I once got to meet Theodor Seuss Geisel — you know, Dr. Seuss. I was so excited. “Green Eggs and Ham” was one of the first books I learned to read. A half-century later, I can still recite parts of it off the top of my head.
What I most remember was how quiet and almost shy he appeared. For a celebrated author, he made few public appearances. During our brief encounter, I would have never guessed what sort of flu floopers were darting around his brain.
Thank goodness he provided a peephole so we could look inside and see them!
Geisel, whose birthday is March 2, invited us to visit the Who-ville in his head. He showed us cats in hats. Allowed us to taste green eggs and ham. Told stories about what it’s like to have our hearts grow three sizes that day.
From him, I learned an early lesson in how creative people help us to look at things differently. To imagine more than just what we see with untrained eyes. To experience life in ways we might miss on our own.
And it’s not only people who write books and music or paint happy little trees that take us to new places. We all have many creative talents, whether it‘s with words and paint, music and dance, numbers and machines, careers and relationships. Our creativity gives us the means to solve problems, make peace, love people. We can create laughter and joy. Our healing touch can be re-creative.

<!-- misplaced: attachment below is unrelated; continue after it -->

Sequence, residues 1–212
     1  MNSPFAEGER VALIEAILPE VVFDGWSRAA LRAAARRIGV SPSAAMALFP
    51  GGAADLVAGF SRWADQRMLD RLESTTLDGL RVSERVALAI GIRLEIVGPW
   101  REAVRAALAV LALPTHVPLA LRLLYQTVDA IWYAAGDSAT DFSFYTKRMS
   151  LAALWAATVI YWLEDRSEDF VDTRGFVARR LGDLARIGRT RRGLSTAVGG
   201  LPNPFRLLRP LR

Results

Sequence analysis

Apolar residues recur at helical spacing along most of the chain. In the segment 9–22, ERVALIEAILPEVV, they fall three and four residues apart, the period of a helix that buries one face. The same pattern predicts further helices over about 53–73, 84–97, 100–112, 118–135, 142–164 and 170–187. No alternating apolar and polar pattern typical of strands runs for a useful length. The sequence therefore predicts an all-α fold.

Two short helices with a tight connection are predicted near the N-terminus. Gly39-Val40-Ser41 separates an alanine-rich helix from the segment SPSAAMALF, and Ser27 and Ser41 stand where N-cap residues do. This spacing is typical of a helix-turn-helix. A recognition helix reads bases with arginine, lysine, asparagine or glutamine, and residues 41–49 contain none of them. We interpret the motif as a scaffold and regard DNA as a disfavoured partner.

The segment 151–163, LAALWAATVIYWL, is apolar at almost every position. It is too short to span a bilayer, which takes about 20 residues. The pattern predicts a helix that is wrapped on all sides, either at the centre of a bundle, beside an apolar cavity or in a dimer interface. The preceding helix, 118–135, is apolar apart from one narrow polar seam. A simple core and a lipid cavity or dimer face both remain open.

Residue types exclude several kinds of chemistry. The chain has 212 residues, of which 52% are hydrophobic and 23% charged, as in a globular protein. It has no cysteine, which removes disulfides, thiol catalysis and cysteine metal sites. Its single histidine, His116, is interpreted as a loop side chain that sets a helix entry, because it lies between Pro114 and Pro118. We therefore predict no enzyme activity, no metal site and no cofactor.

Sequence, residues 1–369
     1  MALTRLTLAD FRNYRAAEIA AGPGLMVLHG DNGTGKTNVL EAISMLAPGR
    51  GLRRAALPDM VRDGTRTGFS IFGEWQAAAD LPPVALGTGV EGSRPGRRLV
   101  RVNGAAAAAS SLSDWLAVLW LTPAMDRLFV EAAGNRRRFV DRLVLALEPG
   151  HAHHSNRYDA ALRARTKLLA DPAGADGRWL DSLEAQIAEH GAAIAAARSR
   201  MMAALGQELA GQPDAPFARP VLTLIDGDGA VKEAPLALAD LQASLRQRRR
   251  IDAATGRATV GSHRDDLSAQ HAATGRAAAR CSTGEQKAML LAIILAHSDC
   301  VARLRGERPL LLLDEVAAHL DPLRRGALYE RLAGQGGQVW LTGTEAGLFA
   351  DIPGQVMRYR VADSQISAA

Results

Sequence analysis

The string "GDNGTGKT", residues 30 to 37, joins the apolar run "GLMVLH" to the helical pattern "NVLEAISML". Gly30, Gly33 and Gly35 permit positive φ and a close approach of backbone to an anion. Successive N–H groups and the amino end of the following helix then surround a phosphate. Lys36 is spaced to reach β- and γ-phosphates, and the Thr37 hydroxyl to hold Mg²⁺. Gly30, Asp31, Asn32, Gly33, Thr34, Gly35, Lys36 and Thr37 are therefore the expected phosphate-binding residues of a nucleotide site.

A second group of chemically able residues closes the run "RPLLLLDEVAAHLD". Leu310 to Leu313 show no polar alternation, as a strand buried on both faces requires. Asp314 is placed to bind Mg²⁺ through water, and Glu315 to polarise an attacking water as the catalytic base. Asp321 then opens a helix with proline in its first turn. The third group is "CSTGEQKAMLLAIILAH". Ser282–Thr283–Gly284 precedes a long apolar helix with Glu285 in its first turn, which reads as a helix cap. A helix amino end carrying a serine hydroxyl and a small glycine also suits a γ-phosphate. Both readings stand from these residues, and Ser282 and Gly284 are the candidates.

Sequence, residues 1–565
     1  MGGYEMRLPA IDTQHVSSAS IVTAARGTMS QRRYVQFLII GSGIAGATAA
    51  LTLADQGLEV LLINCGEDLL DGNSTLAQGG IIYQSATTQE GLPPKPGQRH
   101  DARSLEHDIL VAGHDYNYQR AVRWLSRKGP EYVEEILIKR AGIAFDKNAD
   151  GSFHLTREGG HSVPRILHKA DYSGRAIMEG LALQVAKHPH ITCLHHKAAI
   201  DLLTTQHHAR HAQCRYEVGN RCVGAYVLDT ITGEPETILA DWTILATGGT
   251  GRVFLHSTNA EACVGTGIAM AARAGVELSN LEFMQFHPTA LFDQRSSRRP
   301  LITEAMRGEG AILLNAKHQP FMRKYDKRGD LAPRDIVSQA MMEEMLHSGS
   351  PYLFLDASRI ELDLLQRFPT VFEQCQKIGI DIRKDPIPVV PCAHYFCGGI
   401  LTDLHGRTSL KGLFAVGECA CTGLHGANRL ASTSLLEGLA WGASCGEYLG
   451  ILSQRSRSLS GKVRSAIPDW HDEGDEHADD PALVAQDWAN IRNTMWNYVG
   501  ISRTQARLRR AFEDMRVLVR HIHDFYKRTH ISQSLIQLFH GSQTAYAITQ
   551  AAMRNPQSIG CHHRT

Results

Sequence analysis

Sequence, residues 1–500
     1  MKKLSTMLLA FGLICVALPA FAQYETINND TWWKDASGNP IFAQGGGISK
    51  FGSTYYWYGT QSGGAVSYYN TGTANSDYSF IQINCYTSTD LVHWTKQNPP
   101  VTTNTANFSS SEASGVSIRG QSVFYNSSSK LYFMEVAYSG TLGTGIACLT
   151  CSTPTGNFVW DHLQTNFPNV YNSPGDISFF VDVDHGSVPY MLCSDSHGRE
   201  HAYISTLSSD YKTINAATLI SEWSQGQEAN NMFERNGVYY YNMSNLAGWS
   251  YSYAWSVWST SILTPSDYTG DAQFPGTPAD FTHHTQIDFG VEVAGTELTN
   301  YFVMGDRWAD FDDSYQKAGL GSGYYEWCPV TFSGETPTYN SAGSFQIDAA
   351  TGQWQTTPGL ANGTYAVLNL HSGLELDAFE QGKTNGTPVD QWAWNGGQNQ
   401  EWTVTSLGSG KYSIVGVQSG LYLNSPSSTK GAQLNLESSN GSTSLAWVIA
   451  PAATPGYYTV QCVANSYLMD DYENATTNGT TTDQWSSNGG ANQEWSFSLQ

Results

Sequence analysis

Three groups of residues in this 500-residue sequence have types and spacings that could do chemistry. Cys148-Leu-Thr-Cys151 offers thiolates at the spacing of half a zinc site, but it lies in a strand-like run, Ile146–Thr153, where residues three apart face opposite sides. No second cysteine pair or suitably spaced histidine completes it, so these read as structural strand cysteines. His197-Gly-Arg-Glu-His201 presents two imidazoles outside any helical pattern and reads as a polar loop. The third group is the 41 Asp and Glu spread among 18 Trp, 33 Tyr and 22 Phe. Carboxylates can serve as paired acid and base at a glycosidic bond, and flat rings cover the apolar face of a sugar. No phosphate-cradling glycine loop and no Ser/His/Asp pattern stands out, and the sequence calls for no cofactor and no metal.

We just have to try.
There are times when we like creativity about as much as the Grinch likes Christmas — which is to say, we do not like it, not at all. We prefer old ways to anything new. Creativity? Too messy, too challenging, too uncertain.
We don’t want any Flu Floopers or Who Hoovers or Gar Ginkers or Slu Slumkers making such noise, noise, noise in our lives. Besides, who knows where we’ll end up if we unchain our individual and collective creativity? We might wind up thinking differently and seeing differently and living differently.
We might even — gasp! — end up eating green eggs and ham. With a goat. On a boat. In the rain. On a train. In a box. With a fox. In a house. With a mouse. Here and there and anywhere.
Uh-uh. Not for us. We would not, could not. We do not like green eggs and ham.
Isn’t this so true in so many areas of our lives? We decide we don’t like things that we’ve never tried. We insist on thinking of things in only one way. We resist change. We deem creativity dangerous.
We ignore that Sam-I-am.
This especially holds true in many of our collective endeavors, including politics and religion. Especially religion. And that’s quite odd, isn’t it? After all, we get our creativity from I-Am-Who-Am. Using our creativity is one of the significant ways we experience an utterly creative creator. It’s how we Am.
I’m grateful to Dr. Seuss and those who to use their creativity to show us different ways of thinking and living. They remind us that changing the world starts with the creative imagination in all of us.
To borrow one of his lines: “Oh, the things you can find if you don’t stay behind!“